The Regenexx DDD Procedure
With the Regenexx DDD procedure, we reconceptualized what was going wrong with spinal stenosis. To better understand how we treat this issue differently without surgery, you need to understand how stenosis develops. Let’s dig in.
The spinal level that ends up developing stenosis first gets sloppy and moves too much, that’s called degenerative instability. That extra motion then causes facet joint arthritis and oftentimes the ligamentum flavum will get bigger. This hypertrophy is really the same thing that we see in tendons that get weaker. How does that work?
Let’s focus on why tendons get bigger when they get weak. A normal tendon is small and dense. When a tendon has more wear and tear than it can repair, your body throws more tissue at the problem. However, it’s unable to repair the tendon like the original, so while the per unit area strength of the tendon is less, since the tendon is larger, it can still handle the total loads placed on it. We often fix this using regenerative medicine by injecting substances that will prompt more repair in the tendon than the wear and tear it’s experiencing. This causes the tendon to get smaller and stronger. Now let’s translate these concepts into the ligamentum flavum.
If the ligamentum flavum also gets more wear and tear than it can repair, it also gets larger or undergoes hypertrophy. Hence, it would make sense that injecting substances that can repair this ligament should make it smaller. A smaller ligament means less pressure on the nerves. However, nobody had ever intentionally injected anything into the ligamentum flavum before. Hence, we needed to develop new x-ray guided injection techniques for the DDD procedure.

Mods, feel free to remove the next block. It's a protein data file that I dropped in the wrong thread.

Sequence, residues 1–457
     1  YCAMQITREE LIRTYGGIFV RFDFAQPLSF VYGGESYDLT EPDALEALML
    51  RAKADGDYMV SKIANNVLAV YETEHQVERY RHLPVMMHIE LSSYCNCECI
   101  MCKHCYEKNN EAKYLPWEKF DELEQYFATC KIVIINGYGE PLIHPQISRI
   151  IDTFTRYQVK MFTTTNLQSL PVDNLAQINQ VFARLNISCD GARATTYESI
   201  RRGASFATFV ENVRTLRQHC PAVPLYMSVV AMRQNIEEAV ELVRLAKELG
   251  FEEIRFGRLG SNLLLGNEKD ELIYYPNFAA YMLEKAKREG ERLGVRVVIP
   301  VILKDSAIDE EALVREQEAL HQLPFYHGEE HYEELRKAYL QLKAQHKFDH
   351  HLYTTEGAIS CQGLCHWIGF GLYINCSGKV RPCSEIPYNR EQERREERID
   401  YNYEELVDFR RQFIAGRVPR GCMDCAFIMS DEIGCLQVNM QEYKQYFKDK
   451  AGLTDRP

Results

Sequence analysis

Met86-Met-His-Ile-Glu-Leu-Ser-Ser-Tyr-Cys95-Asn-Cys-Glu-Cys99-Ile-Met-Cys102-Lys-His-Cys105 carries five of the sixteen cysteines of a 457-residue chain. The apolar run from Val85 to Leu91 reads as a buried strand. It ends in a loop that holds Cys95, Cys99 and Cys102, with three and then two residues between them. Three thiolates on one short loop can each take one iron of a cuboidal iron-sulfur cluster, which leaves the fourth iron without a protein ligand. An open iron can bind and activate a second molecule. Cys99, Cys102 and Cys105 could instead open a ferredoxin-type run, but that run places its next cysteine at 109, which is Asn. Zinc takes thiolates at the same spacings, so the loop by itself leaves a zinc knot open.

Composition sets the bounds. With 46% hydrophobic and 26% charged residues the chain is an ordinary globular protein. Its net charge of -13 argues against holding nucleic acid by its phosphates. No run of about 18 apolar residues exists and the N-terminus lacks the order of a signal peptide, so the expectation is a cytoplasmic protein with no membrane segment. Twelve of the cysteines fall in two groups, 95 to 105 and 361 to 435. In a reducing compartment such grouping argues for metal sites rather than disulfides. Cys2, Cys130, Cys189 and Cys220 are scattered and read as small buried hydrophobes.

We also focus on treating the whole functional spinal unit in this procedure. Meaning, we also perform precise image-guided injections to strengthen the ligaments and muscles that support this spinal segment, help arthritis in the joint, and reduce the swelling around the irritated spinal nerves. To learn more, see my video below:
Yoga and Stenosis Don’t Mix
The MRIs above are from a patient who was big into Yoga, but could no longer stand for any length of time, hike, perform bridges, or sleep well. She had two Regenexx DDD procedures from Dr. Markle and now 1-2 years later she can do all of these things without having had any surgery. She will likely need one more treatment.
First, the MRI films above show the spinal canal upside down compared to my diagram. Meaning the ligamentum flavum is now on the bottom of the picture since the patient is lying face up in the machine. Her MRIs demonstrate that her ligamentum flavum hypertrophy has improved by about 25% (the width measurements you see on the before image on the left and the after image on the right). That’s all that’s usually needed to get rid of symptoms.
The upshot? We now routinely treat lumbar stenosis patients without surgery. In fact, good results with these patients have become so common that it’s been a while since I’ve sent one of these patients to get surgery. So hopefully you can avoid big destructive procedures or even small destructive procedures and leave your original anatomy intact.